What else? I notice that most of the signs about pussies and vaginas are carried by white women. What can I say? I like the pussy signs and I find myself filled with wonderful thoughts about vaginas, especially after seeing a sign that has a drawing of a kitten and a text that said “Pussies: self cleaning and magical”. It remains to be seen whether an unemployed auto worker from Detroit would be impressed by signs about self-cleaning pussies and female ejaculation. But then again: Isn’t this a better place to start than with Trump’s paranoid and regressive negativity?
On a stage nearby some Black Lives Matter activists invite the mothers of young black men killed by police. A call and response between stage and audience is started and the mothers scream out the names of their killed sons. Many of the mothers are close to breaking down, but all pull through. You can hear the pain in their voices. Now political activist Angela Davis takes the stage and speaks about racism and justice and about the prison-industrial profiteers and the health care system profiteers and the corruption of Wall Street. After that Alicia Keys sings. And everything is pretty spectacular, I must say.
What is there to be skeptical about? Well, a few minor details could perhaps be addressed: There are almost no Bernie Sanders signs. He also had an election stolen from him, by a couple of corrupt women in fact. Not all women are wonderful, I think we all know that. I also don’t see a single sign about Edward Snowden. Why is America’s prime political prisoner not represented here? And why is Angela Davis the only speaker talking about totalitarian capitalism? America is run by oligarchs and tech monopolies and American wealth is controlled by a tiny elite. This injustice is the root cause of this mess and it goes beyond race or gender. This march is exhilarating and now is a good time to come to terms with the fact that most Trump supporters are not racists, they are simply desperate for change, any change. But that’s a detail.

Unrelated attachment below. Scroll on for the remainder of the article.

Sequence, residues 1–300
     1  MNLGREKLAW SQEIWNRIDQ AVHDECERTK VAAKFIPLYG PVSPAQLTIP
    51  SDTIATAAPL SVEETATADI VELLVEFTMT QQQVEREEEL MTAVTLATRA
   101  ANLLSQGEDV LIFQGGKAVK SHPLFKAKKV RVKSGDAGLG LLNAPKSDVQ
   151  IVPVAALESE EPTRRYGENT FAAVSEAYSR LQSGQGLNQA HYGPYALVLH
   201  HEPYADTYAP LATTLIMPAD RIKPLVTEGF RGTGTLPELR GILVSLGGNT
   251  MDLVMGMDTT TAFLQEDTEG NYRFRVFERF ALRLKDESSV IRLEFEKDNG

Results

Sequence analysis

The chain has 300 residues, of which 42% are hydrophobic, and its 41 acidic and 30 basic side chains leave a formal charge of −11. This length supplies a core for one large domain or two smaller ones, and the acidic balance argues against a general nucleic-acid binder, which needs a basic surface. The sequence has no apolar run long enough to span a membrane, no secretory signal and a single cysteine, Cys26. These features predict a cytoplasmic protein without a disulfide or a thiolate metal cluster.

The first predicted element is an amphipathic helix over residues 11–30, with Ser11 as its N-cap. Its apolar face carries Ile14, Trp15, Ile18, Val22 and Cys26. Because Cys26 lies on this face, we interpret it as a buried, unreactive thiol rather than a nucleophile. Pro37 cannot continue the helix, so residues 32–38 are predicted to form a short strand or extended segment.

The march feels pretty mythic, pretty historic. It’s a relief to see a bunch of self-righteous male activists replaced by thousands of dynamic women with less ego and more humour. In other words: Everything is perfect, everything is as it should be right now. We have a grotesque president, a paranoid monstrosity, a hollow and hateful man is now leading the Western world. But at least we know what we are dealing with. If Hillary Clinton had won, it would have been a celebration of the status quo and the streets of Washington D.C. would not have been filled with hundreds of thousands of people. Something is fundamentally wrong in the West and more and more are becoming aware of this. The women who organized this, whoever they are, have created a historic event. This march feels like a magnificent celebration of year zero, day 1 in a new world. I can’t imagine a better way to celebrate the birth of a new kind of resistance movement.